Tuesday, 21 September 2021

The Case for Gold

In recent months I have become increasingly bearish on global equities. The main concerns are the increased debt arising from Covid over the past 18 months and secondly our lack of progress on the existential threats posed by climate change. I think these two elements could seriously impact the markets over the coming months and years so I have decided to de-risk my portfolio and move into government bonds and gold.

Why Gold?

In the past, I have never been a big fan of holding gold. Obviously it cannot provide an income so that was one reason back when I needed dividend income to bridge the gap after taking early retirement in 2008. But that doesn't mean there is no return...in fact I was surprised to learn that over the past 15 years or so, gold bullion has generated a capital appreciation of 11% p.a. on average.

At the time of moving to retirement we had the financial crisis and the slump in interest rates on cash deposits. In 2007, it was common to get 5% or 6% annual interest on cash deposits but over the past 12 years, returns have been dire and provided an average return of just 6% over the whole period. Over the same time frame inflation as measure by RPI has risen by 39%...therefore a real negative return of -24% for savers. Cash deposits are likely to remain at low levels for the foreseeable future.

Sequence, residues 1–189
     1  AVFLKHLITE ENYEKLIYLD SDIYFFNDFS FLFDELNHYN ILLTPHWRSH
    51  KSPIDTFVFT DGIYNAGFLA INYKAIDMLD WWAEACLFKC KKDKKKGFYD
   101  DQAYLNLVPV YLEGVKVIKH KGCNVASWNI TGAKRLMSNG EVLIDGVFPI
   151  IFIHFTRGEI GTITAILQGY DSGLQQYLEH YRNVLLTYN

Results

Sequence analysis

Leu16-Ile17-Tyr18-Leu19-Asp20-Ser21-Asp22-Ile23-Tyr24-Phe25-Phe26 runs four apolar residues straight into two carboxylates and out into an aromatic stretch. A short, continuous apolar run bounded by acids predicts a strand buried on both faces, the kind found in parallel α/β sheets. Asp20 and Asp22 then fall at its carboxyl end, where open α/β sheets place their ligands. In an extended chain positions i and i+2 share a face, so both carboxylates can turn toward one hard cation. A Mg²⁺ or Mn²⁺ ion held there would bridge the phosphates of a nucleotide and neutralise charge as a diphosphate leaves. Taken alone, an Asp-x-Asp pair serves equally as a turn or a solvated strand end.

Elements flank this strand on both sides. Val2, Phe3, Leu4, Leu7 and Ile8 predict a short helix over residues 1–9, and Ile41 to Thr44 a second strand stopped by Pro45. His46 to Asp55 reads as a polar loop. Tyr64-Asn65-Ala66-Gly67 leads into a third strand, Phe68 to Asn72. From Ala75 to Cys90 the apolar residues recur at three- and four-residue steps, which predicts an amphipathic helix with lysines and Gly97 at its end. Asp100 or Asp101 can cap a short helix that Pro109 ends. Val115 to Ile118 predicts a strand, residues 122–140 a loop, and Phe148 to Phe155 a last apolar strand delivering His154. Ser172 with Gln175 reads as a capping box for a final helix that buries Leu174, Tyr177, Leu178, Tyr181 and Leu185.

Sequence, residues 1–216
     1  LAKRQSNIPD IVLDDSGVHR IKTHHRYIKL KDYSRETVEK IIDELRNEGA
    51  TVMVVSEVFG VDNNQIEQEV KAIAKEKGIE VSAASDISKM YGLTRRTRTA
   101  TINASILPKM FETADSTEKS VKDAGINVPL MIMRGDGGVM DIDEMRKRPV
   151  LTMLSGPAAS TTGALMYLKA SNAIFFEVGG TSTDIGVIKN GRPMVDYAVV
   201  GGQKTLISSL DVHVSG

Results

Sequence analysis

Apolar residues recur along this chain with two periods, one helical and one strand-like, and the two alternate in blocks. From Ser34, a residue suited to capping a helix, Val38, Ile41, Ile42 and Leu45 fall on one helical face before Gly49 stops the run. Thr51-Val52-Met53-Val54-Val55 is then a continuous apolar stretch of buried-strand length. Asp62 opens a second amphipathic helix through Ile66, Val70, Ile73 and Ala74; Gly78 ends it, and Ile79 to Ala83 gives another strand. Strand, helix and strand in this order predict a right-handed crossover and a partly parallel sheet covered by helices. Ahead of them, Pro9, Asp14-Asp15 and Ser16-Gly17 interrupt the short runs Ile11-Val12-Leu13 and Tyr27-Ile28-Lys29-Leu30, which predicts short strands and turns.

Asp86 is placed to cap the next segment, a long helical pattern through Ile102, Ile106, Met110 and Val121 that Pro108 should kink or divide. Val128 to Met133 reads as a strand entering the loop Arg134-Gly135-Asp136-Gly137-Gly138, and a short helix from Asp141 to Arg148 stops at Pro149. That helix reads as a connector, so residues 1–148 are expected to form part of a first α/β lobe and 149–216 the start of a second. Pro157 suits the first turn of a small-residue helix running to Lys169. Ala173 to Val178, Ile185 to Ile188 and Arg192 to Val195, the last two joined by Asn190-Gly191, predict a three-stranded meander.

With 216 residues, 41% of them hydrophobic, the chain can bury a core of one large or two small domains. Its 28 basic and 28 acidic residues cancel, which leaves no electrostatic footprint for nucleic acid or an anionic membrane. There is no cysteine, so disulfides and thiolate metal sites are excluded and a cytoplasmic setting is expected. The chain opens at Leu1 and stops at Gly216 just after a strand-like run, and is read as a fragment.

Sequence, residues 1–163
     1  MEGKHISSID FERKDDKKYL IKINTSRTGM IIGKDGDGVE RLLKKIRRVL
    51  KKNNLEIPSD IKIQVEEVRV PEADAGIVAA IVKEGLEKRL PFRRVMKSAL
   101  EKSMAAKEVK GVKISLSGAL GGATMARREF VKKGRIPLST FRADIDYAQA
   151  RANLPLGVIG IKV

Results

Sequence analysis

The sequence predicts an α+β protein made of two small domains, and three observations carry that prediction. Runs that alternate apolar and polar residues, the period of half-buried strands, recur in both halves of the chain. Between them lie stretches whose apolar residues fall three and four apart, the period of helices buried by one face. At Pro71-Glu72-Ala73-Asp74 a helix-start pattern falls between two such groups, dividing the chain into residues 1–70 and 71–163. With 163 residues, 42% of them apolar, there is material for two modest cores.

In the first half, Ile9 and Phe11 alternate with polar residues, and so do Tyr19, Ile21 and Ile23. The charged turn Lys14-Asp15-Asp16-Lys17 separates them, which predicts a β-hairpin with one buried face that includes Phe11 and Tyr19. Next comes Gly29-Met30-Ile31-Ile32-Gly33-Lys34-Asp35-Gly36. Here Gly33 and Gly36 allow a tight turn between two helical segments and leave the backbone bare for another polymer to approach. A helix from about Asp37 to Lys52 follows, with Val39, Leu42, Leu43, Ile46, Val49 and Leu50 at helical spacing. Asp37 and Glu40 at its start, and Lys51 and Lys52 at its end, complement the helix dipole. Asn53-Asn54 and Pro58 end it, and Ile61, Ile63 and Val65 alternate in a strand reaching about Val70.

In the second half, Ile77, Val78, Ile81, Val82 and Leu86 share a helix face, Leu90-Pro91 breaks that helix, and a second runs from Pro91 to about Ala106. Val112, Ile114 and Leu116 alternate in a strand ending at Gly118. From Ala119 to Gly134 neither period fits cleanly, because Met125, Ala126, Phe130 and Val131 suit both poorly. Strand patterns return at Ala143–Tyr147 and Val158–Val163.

The Gold Standard

Back in the day we had a thing called the gold standard which provided stability for the major currencies such as the US $ and the British pound. The Bretton Woods agreement of 1944 established a system through which a fixed currency exchange rate could be guaranteed using gold as a universal standard.

Of course, under this system it was not possible to create more money during a crisis and after the Vietnam War and the oil crisis of the early 1970s, President Nixon 'suspended' the conversion of the dollar into gold - effectively creating fiat currency and the ability for governments to print money to protect the financial system...in other words, a magic money tree!

Currencies are therefore becoming lass stable and only continue so long as there continues a collective belief in the monetary system. Gold can therefore be regarded as insurance against a fall in the purchasing power of modern currencies. Maybe crypto currencies such as Bitcoin can be regarded in a similar vein as we transform towards a digital world.

The Vehicle

It's always possible to buy gold coins and store them at home but for most this is not very practical. The easiest method is to hold physical gold via an exchange traded fund in your pension or ISA.

SGLN price past 3 years

I decided to go with the largest fund which is iShares Physical Gold (SGLN) which has been around since April 2011 and with low annual charges of 0.15%. The fund has assets of $12.8 trillion.

Other options could be a fund such as Blackrock Gold & General or LF Ruffer Gold for example but as my platform charges are capped for shares and ETFs with AJ Bell, the iShares option is the better one for me.

Conclusion

Apart from the Covid dip last year, the bull run in equities has continued for quite some time. The US markets are close to their all time high point...maybe there's more to come - who knows? But for me, it seems prudent to bank some of the gains made over this period and squirrel them away into the 'safe' for the time being.